FOUR KEY POINTS

Observations from Rockets training camp and preseason (Part 2)

As the Rockets returned back from their long, grueling trip overseas, they returned to questions ranging from their on-going China controversy to actual basketball stuff. Today, we're going to break from all the China craziness and just focus on all the interesting basketball stuff. (Believe it or not, basketball is being played at the Toyota Center in the background of this geopolitical mess.) Without further ado, here's part two of observations from training camp.

​1. Ryan Anderson will play backup center (sometimes)

One of the interesting developments of preseason has been the Rockets experimenting with newly added forward Ryan Anderson at center with second units. Some of this may be out of necessity, as center Nene Hilario is out with an adductor injury and may be severely limited due to the structure of his incentives-based contract. Also, the Rockets may implement a rest schedule for Tyson Chandler, 38 years old, as they did with Hilario.

"Definitely. I think we can look at that," said Mike D'Antoni when asked about Anderson playing center. "You know Tyson, probably, some back-to-backs won't play. So obviously, there's some [minutes] there. You can go small with him, although he's big."

Anderson seemed more than open to the idea and even playfully encouraged media to refer to him as a center from now on.

"It's definitely a role we talked about here," said Anderson. "I think it's something I can be really effective at. This team can play in a lot of different ways so that's just one of them."

Chandler will likely be the primary option at backup center, but the Rockets have been known to experiment even with a full roster.

"I think [center will be an option] obviously depending on matchups and the way teams play," said Anderson. "Some teams might want to go big and we can change the lineup around to where I might play the four. It's just the way the league is now. A lot of teams go small and it could be a different dynamic of a lineup with me playing at the five."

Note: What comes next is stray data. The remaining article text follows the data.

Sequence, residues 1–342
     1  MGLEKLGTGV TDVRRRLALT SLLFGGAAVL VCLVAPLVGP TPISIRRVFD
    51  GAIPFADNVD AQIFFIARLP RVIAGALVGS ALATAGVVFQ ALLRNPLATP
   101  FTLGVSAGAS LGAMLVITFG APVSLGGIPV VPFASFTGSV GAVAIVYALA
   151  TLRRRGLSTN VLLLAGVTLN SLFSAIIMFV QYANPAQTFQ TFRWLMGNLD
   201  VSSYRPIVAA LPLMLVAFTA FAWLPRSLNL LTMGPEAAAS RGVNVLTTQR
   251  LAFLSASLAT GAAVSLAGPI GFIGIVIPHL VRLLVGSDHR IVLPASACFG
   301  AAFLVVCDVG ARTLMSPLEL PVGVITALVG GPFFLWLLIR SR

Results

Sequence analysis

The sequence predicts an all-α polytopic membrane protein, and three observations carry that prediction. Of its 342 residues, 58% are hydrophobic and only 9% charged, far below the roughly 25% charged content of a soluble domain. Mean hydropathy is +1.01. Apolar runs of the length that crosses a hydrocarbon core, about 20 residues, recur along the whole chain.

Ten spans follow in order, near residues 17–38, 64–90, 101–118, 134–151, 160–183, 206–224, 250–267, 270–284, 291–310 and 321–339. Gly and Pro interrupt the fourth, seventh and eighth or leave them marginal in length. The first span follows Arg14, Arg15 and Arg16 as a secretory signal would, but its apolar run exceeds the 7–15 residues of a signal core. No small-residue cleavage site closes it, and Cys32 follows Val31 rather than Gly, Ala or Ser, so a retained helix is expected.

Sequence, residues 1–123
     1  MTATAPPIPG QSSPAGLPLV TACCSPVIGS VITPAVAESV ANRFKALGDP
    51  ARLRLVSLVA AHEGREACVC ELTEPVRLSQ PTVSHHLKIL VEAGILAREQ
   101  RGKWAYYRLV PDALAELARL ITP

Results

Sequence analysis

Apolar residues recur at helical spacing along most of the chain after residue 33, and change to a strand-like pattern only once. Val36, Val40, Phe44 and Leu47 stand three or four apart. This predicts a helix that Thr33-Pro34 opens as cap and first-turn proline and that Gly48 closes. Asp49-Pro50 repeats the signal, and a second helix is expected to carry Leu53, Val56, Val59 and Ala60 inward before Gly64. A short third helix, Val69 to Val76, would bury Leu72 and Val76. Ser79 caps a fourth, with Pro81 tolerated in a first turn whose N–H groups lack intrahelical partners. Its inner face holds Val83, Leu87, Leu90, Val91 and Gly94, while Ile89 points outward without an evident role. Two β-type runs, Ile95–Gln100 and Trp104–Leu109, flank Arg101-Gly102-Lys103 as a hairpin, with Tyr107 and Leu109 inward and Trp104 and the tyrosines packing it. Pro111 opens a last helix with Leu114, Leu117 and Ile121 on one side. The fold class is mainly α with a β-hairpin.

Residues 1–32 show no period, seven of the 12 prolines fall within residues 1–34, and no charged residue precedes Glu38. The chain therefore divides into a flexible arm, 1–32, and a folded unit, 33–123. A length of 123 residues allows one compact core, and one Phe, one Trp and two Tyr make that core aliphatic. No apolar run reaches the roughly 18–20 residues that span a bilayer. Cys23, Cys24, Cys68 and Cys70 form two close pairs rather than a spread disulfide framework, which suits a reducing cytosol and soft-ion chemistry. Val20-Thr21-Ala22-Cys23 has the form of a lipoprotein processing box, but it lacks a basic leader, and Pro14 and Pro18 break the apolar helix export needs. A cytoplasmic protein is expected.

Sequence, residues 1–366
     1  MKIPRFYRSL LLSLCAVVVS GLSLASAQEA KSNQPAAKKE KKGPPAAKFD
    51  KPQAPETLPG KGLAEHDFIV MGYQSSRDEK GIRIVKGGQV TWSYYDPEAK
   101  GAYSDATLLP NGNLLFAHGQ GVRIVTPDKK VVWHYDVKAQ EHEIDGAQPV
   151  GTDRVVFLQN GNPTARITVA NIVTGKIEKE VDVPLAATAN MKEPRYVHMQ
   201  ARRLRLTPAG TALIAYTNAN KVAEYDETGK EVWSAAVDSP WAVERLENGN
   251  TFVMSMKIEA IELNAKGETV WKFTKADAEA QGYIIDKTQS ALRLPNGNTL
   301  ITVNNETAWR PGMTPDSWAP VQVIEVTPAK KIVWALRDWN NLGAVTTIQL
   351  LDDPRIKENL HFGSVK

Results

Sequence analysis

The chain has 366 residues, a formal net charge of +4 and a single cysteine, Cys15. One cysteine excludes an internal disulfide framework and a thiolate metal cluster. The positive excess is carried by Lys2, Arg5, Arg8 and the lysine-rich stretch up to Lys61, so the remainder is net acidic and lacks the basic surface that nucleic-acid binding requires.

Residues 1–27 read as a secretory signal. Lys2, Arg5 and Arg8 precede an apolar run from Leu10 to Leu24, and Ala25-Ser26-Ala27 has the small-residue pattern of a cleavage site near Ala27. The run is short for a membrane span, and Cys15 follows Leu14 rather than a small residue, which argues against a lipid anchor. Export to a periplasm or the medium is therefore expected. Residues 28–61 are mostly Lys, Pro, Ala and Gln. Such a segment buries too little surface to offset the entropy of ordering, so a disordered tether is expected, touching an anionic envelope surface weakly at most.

2. Rockets players slowly adjusting to Russell Westbrook

For most of the early training camp, the questions have all been about how James Harden and Russell Westbrook can fit together.

"The first possession out of the gate, [Westbrook] went to the basket off a pick and roll, and he kicked it out to me and I hit a catch-and-shoot three," said Harden, who says he can see more catch and shoot opportunities for himself alongside Westbrook. "It just depends on how teams guard us. Throughout the course of the year, we're going to see so many different defenses. We'll take whatever they give us and try to execute."

So far, nobody on the Rockets has questioned whether or not this will be a cohesive combo. Rockets head coach Mike D'Antoni, who has been enthusiastic about the pairing dating back to September, has liked what he's seen in the early going.

"It's easy. They can play together," reiterated D'Antoni at Sunday's practice. "It'll be an on-going process all year. They play off each other pretty well. The synergy there is pretty good."

However, there's also real questions about how other players will adjust to Westbrook. Westbrook, a much different player than Chris Paul or Harden, plays at a frenetic pace and for some - like athletic, young forward Danuel House - that's a welcome change.

"He pushes the ball in transition really fast, so filling the lanes is going to be a lot of fun this year," said House. "[We're] getting downhill quicker, scoring easier points. It's actually going to be good for the whole team because we can up the ante on our transition points."

House raises a valid point. Through four preseason games, the Rockets have been the third fastest team in the league - a drastic change to where they were last season (27th in the regular season, 25th in the preseason).